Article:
No matter what, as a human being he must be hurting badly. His ambition to be seen as a good PM now denied. He too worked towards that his whole life. He failed in becoming a Jesuit priest but overcame by entering politics.  Of course, he did manage to get to the top job but his defeat last night an unimaginable and undignified knock-out blow.  He would know as an ex boxer.  In leading one has to take the people with you. That was something he failed in. He kept making ‘captain’s calls’ and when there was a spill and secret ballot six months ago promised to be inclusive. He said and I quote “today is the first day of a new and more inclusive Government”. As the weeks went on, things went bad. Costly helicopter flights to private functions. All and sundry dipping into allowances, hiring limousines and whooping it up in overseas first class travel with spouses in tow.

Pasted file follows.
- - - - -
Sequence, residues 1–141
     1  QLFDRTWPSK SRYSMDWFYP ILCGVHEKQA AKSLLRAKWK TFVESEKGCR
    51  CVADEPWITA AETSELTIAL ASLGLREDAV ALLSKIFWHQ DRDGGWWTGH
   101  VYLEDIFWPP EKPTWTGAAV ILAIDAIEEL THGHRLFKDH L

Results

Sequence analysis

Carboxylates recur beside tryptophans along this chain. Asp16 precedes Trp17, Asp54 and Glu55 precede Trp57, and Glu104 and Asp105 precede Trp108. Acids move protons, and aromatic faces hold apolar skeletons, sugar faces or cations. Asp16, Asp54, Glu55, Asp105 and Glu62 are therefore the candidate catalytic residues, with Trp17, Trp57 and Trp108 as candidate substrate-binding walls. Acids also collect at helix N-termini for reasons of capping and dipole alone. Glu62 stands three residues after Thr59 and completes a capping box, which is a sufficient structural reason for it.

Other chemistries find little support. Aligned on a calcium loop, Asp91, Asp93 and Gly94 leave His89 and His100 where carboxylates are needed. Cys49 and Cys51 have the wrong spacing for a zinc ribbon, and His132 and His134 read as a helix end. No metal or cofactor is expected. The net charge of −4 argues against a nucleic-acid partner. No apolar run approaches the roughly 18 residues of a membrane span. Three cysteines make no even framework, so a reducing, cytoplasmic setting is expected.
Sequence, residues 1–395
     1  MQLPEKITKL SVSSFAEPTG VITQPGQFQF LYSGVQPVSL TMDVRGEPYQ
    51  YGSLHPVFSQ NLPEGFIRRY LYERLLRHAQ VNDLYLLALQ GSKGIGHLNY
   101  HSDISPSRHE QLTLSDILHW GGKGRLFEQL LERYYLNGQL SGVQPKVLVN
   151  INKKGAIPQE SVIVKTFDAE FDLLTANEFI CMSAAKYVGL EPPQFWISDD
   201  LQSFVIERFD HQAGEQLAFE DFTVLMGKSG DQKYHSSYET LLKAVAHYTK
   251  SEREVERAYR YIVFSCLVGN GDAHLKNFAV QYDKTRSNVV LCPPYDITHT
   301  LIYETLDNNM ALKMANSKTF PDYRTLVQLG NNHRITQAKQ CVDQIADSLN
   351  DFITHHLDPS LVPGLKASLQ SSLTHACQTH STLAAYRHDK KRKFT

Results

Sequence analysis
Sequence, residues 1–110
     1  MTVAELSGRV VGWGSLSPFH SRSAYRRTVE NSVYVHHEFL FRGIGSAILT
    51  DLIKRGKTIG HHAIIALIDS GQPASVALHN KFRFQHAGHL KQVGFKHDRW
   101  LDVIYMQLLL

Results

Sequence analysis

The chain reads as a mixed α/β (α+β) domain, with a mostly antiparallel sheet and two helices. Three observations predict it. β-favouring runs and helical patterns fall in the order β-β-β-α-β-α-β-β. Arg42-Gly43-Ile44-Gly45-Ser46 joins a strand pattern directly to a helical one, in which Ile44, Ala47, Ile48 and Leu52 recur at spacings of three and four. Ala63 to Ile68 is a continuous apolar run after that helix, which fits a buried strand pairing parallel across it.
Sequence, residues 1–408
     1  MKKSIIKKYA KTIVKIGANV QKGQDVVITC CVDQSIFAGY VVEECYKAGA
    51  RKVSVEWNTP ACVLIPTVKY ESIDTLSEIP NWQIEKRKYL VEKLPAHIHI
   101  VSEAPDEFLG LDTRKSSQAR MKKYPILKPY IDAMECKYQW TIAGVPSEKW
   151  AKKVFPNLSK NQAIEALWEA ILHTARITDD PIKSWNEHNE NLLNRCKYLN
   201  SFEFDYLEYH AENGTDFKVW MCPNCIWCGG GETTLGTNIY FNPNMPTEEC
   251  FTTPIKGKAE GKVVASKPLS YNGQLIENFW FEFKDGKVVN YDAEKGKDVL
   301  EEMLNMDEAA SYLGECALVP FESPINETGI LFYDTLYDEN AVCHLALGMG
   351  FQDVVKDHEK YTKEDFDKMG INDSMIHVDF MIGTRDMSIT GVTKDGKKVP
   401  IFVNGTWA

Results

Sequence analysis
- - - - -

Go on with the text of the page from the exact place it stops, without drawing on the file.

It is strange, but the present state of our Strata- adventure seemed a bit like last night’s political drama. The people were not taken in consideration. A decision to spend $40.000,- was a captain’s call by a single person if ever there was. Of course the spending  of owner’s money without them knowing anything about that was ludicrous. How did anyone think they could get away with it? I had a call yesterday and spoke with the NSW’s Fair Trade and was reassured that an new meeting has to be held and that all owners have to be informed of a decision to consider painting. After that, if the majority approve, the sinking fund has to have the funds to pay for it, either by waiting or raising a special levy. Oddly enough, The dept. of Fair Trading  named as Strata Manager  someone I never heard off. Is there now a new manager? What happened to the old one?

We shall see.